Saturday, April 08, 2006

Rules of the Road

Driving in China is, it would seem fairly likely, a topic that will crop up here regularly. The key reason for this can be summarised in this extract from the Wikipedia article on Chinese Rules of the Road.

"Compared to the western understanding of right-of-way, which refers to the legal right to proceed forward in a vehicle without fear of being found at fault for causing a collision, right-of-way in China means, for all intents and purposes, that the person who is in the way (first) has the right. In practice, this translates into motorists and cyclists turning or merging straight into the path of other traffic believing that the onus is on the other person to avoid a collision."

The above statement is absolutely true and it is the guiding principle of driving.

Changing Lanes - This is customarily achieved by getting your vehicle slightly ahead of the vehicle in front of the vehicle in the next lane and then just manoeuvering. No use of indicators or mirrors is required - in fact our company car driver tips the rear-view mirror up to the roof to get it out of the way. It has been explained by JM, as 'Schools of Fish' - a good analogy. If the car to your side moves, you have to move to accommodate it. Any problems you cause to the vehicle on your other side are entirely the problem of the car that's in the way.

Emerging at Junctions - I still haven't got this fully sussed but people routinely merge into the traffic flow by just emerging and hoping not to be hit. This even works if you are turning the other way and need to cross the other flow of traffic. Oddly enough this leads to a reasonable number of T-bone accidents.

Right Not To Be Killed - Cyclists are, without doubt, the bane of every car driver's life. They routinely exercise the fact that they believe you are not allowed to kill them as the means of getting around faster. This manifests itself in a variety of ways. Cyclists will emerge from side roads with no visibility straight across major roads with the traffic in full flow and not even put their hands on their brake levers they are that confident that you must not kill them. I have even been on motorways at full speed in complete darkness to find a mother and small daughter, in dark clothes, with no lights (these are also a given) cycling two-abreast towards is in the fast lane. I keep imagining that Darwinian evolution would have reduced the number of occurrences of this behaviour.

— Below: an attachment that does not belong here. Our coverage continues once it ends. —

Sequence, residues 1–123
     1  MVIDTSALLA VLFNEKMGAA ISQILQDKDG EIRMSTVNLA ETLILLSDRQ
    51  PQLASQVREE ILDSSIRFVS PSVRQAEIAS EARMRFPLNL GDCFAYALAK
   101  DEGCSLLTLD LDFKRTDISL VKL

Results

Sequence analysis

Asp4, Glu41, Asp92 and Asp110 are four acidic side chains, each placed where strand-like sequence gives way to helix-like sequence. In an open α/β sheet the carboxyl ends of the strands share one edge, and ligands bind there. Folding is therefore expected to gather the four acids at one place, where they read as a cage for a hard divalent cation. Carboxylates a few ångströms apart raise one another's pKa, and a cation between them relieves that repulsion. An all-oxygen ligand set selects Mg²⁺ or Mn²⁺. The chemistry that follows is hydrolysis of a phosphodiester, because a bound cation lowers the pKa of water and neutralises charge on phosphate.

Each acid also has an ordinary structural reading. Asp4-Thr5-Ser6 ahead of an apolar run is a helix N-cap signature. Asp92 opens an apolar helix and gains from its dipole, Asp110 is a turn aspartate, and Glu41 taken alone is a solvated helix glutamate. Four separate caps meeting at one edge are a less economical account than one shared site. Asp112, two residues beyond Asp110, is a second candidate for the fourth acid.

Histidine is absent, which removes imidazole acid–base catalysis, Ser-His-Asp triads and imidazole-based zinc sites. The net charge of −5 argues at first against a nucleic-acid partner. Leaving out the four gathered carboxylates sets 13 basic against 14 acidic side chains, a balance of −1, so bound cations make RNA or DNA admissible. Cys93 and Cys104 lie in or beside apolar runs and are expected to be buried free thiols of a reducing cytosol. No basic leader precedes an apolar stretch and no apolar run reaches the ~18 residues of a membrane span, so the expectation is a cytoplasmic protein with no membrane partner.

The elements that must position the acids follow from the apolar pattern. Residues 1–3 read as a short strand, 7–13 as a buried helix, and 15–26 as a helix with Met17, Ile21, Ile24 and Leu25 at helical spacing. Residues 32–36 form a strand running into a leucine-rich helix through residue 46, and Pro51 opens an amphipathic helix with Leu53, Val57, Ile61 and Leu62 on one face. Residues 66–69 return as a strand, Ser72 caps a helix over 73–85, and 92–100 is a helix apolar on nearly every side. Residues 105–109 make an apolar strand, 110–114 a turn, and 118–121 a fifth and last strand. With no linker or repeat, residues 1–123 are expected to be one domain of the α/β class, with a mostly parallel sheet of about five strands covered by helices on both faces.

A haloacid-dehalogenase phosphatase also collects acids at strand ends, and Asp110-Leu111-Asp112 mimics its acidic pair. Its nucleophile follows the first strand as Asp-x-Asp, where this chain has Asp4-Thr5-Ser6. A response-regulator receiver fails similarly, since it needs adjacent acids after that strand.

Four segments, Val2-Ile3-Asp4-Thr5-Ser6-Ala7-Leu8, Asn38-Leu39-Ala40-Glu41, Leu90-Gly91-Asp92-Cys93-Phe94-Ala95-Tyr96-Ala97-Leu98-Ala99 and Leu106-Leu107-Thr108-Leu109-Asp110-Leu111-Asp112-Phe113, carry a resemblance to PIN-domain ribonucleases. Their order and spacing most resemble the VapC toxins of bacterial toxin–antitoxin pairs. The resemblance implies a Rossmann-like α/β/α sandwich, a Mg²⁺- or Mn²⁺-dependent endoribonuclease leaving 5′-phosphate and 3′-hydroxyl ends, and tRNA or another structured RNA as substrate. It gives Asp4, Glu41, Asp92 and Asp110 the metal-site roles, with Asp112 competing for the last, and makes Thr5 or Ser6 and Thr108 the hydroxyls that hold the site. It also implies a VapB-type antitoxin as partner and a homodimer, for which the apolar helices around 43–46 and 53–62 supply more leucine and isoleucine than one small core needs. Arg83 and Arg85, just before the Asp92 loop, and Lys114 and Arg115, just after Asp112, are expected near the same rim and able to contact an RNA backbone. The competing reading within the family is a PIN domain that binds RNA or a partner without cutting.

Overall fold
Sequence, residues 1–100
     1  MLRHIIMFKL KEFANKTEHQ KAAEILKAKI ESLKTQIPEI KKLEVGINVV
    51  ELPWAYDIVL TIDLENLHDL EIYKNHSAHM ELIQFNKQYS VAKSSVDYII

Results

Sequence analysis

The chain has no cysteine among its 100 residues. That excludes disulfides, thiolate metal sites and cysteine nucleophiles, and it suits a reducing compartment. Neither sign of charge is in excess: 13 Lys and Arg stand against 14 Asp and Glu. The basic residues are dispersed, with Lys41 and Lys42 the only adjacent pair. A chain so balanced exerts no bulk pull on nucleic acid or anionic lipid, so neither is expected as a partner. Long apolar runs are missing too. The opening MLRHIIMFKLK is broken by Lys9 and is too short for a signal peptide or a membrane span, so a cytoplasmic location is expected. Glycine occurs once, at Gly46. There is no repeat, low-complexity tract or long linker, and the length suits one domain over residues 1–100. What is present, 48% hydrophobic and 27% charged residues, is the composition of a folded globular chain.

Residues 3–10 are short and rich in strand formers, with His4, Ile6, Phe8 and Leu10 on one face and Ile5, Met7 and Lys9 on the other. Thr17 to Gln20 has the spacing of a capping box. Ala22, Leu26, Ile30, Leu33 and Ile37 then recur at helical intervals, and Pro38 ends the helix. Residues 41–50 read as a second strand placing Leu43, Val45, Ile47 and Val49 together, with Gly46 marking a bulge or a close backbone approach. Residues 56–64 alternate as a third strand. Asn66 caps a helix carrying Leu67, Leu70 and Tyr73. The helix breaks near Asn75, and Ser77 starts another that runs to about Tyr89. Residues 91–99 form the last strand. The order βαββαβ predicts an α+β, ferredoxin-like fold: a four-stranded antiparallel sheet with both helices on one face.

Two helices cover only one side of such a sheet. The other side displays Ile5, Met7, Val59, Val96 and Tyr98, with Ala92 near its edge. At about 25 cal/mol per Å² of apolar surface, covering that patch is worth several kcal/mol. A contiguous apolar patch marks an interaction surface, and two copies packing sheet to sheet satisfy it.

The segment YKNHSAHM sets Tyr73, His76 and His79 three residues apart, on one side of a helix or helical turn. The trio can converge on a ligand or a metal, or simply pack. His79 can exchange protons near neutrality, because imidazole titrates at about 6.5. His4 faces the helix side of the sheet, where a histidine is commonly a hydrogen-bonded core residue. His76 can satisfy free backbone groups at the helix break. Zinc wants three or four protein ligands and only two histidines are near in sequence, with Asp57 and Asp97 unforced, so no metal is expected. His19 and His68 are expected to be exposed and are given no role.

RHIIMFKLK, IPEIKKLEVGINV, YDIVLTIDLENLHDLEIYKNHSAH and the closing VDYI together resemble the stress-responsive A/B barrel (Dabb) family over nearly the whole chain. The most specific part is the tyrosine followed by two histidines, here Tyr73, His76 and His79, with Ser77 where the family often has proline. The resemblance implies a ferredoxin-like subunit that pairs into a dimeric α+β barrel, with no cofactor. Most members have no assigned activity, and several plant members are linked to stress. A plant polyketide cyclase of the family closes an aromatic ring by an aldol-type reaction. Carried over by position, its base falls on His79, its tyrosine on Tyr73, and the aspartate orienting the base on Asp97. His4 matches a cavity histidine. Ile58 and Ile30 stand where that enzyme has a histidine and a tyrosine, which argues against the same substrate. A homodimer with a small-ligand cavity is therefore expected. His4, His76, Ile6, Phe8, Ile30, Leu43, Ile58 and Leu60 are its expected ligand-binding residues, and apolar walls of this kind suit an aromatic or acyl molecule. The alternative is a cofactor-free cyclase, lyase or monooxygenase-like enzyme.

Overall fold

Conflict Resolution - Mini-gridlock situations are very common and routinely require the intervention of third parties to resolve them. For example, I have been walking past a nearby hotel and seen a situation where one car was trying to get out of the car-park and presumably got the the entrance just before a car who was trying to turn in. Neither car could move because the other was in the way. The situation then escalated because more cars arrived who wanted to get in. Pretty soon you had 10 cars trying to get in. The whole lane leading into the hotel was completely blocked with cars trying to turn into the hotel or get past them. Still there was the one car trying to get out, beeping furiously at the 25 cars before him to get out of his way because, of course, he was thre first. Eventually someone from the hotel appeared to demand that the bleeding obvious happened and he reverse out of the way.

I could go on. I've been caught (not when I've been driving) by gridlocks that only involve us and another car. My favourite being the five-minute stand-off with another driver when the only thing preventing progress was a small wicker basket. Eventually we were saved when someone moved it out of the way...

Zen-like Calm - The one problem I face constantly is that I get routinely riled up by the actions of other drivers because inside I expect people to drive as if we were in the UK. Now, I know that there's no point because the other driver won't have any thought that I am being inconvenienced in any way. I routinely see people getting cut up and forced to slam-on-the-anchors with nary a beep or a snarl or a gesture. The sort of thing that in the UK might see people storm out of their cars and drag the other driver through the window of their car - so it's certainly not all bad here!

So, time to go and hit the road...

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